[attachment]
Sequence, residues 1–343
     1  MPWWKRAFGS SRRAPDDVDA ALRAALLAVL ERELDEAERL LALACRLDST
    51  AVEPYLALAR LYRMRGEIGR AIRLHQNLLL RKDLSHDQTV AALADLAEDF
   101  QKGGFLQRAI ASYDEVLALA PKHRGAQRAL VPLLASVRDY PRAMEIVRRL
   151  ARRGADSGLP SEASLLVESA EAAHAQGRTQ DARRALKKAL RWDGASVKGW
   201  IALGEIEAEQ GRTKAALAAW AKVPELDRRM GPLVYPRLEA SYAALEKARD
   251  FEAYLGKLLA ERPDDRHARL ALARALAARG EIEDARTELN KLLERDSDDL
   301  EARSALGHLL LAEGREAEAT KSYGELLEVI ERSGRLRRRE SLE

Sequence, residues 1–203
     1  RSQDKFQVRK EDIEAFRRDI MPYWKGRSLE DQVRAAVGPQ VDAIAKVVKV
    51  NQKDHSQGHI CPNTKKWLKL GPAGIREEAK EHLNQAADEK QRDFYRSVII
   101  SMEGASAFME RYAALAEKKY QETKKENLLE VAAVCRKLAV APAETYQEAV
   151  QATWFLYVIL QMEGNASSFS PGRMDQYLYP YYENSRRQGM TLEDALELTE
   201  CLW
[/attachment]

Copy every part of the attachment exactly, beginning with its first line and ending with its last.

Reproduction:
Sequence, residues 1–343
     1  MPWWKRAFGS SRRAPDDVDA ALRAALLAVL ERELDEAERL LALACRLDST
    51  AVEPYLALAR LYRMRGEIGR AIRLHQNLLL RKDLSHDQTV AALADLAEDF
   101  QKGGFLQRAI ASYDEVLALA PKHRGAQRAL VPLLASVRDY PRAMEIVRRL
   151  ARRGADSGLP SEASLLVESA EAAHAQGRTQ DARRALKKAL RWDGASVKGW
   201  IALGEIEAEQ GRTKAALAAW AKVPELDRRM GPLVYPRLEA SYAALEKARD
   251  FEAYLGKLLA ERPDDRHARL ALARALAARG EIEDARTELN KLLERDSDDL
   301  EARSALGHLL LAEGREAEAT KSYGELLEVI ERSGRLRRRE SLE

Sequence, residues 1–203
     1  RSQDKFQVRK EDIEAFRRDI MPYWKGRSLE DQVRAAVGPQ VDAIAKVVKV
    51  NQKDHSQGHI CPNTKKWLKL GPAGIREEAK EHLNQAADEK QRDFYRSVII
   101  SMEGASAFME RYAALAEKKY QETKKENLLE VAAVCRKLAV APAETYQEAV
   151  QATWFLYVIL QMEGNASSFS PGRMDQYLYP YYENSRRQGM TLEDALELTE
   201  CLW